• Cara Fielden

Sleep aids: The Sleep Geek's do’s and don'ts

We’re just as shocked as you are to hear that a whopping 82% of Brits have experienced insomnia, and half of the UK population consider themselves to be poor sleepers. Our jaws are literally on the floor. So surely there’s a gap in the market here? Well, not for The Sleep Geek. Our sleep expert James Wilson genuinely cares about people’s wellbeing, and (we believe) he holds all the secrets to better sleep. But there are companies and products out there that could potentially help us to sleep better - we see them on the telly, on Instagram and hear people chatting about them in coffee shops, but do they work? Read on to find out James’ thoughts on it all.



CBD oil

CBD has been on the rise in recent years, and it has especially become a bit of a trend in the wellness space. It’s been applauded for its ability to reduce anxiety and help people sleep better. But hold those horses, don’t you think we should be consulting with The Sleep Geek himself before we make such brave claims? Whilst research into CBD seems to show that it can help to ease the anxiousness that might keep us up at night, James says that we need to be aware of a couple of things. Firstly that dosage amount is important, as too little CBD can have the opposite effect of what we want and stimulate us, so it should be a dose of about 50mg. James adds, “From my experience, it works better if it is taken on a regular basis, which is why it could work more effectively as part of a nighttime routine. Using it with other products or activities can be useful in helping us wind down and create the right mindset to drift off to sleep.”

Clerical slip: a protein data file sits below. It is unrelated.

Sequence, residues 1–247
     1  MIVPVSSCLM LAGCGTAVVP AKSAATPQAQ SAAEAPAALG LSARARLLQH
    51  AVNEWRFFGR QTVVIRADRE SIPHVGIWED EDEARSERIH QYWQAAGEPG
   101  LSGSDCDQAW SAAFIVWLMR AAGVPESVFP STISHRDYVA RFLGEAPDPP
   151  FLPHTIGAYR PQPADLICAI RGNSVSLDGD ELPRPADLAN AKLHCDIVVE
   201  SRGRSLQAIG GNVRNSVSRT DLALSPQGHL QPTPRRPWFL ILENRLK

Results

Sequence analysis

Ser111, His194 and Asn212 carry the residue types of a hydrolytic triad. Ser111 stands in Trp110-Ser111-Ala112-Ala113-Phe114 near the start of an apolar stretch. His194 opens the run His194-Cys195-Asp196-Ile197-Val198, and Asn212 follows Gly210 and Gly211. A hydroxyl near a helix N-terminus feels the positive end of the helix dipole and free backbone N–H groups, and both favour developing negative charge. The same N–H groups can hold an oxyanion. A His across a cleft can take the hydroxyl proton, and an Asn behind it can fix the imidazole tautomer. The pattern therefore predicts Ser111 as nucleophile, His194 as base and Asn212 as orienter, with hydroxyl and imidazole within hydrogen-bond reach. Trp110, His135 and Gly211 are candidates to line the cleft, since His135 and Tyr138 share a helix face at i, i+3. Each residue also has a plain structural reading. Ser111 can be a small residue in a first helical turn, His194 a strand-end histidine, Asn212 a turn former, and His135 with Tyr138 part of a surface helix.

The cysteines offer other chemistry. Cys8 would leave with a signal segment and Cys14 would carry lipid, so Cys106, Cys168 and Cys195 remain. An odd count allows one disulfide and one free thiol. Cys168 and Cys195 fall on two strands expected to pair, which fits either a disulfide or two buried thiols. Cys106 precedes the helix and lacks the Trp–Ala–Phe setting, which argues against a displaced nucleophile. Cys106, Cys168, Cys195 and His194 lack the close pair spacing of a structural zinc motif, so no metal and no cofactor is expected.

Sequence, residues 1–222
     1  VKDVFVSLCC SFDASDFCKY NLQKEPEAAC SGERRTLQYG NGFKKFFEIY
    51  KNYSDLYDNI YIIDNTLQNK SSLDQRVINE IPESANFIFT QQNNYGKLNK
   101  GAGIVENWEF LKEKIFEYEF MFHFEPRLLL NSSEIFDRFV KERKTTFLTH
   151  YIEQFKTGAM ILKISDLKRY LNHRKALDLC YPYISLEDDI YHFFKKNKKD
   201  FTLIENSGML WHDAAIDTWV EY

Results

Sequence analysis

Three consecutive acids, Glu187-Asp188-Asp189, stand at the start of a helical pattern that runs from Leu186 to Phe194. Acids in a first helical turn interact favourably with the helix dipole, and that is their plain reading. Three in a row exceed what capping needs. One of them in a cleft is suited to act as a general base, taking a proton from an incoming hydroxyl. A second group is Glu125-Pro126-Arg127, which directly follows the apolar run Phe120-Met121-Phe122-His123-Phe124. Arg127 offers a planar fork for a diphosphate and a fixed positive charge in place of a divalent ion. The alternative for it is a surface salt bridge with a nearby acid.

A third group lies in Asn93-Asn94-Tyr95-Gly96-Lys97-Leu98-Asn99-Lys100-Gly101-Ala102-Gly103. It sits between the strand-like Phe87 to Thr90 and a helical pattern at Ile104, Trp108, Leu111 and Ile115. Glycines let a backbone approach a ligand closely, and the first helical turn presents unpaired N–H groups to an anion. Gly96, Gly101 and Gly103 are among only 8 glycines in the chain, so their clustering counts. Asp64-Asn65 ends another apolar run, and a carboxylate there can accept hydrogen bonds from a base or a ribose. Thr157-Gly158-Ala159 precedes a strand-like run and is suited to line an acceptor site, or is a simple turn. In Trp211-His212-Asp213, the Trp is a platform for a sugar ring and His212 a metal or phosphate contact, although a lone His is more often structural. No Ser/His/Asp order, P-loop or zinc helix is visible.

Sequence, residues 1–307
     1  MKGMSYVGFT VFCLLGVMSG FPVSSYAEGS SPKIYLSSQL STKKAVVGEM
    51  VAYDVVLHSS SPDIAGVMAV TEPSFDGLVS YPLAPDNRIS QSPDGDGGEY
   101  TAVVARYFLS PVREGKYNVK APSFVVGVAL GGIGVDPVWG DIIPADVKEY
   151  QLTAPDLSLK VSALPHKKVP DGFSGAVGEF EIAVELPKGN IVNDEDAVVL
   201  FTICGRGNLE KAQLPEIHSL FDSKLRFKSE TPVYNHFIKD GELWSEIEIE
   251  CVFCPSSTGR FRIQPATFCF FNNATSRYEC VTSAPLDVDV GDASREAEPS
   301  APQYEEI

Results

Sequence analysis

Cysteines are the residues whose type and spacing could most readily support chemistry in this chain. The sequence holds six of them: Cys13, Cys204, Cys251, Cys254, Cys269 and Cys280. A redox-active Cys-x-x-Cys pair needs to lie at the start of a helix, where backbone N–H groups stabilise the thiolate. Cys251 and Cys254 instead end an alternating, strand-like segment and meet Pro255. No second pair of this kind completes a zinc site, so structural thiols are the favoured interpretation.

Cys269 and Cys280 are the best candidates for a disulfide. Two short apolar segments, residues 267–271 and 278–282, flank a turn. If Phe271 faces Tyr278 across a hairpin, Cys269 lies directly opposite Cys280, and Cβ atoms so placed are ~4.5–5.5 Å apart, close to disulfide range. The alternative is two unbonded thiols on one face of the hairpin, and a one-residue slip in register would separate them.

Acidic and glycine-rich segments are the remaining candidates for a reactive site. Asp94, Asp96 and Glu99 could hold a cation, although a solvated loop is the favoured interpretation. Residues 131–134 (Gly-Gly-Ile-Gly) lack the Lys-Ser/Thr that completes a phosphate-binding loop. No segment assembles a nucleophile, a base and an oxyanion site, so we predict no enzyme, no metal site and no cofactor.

Audio

There are hundreds of thousands of millions of sleep tracks and playlists out there - music, spoken word, ASMR and soundscapes. There’s something for everyone for sure, but will it help us sleep better? Well, the research surely seems to think so - depending on what type of course. If you’re listening to heavy metal music or an intense murder investigating podcast, you probably won’t find yourself hitting the hay anytime soon. James suggests listening to soothing sounds that make you feel more relaxed, helping to drop that heart rate of yours - something that needs to take place in order for us to fall asleep.


Here at Beingwell, some of our members love sleep meditations and rainforest sounds, why not give it a go tonight?

Valerian Root

When we’re struggling to sleep, many of us reach for natural remedies to try and solve the issue. Valerian Root is one of the most popular remedies, but the evidence is mixed on whether it is effective in improving our sleep. The AASM (or American Association of Sleep Medicine) does not recommend natural remedies like Valerian Root due to the evidence not being strong enough to show a significant improvement in sleep. However, some studies have shown it can have a positive impact on sleep and the anxiety that prevents us from sleeping. Some proof has also shown that it can impact other conditions that contribute to poor sleep, like hot flashes, hyperactivity and tension headaches! James says, from his experience of working with poor sleepers, people often find that Valerian Root has a positive impact when they first start taking it, but gradually it loses its effectiveness. Perhaps more of a placebo effect?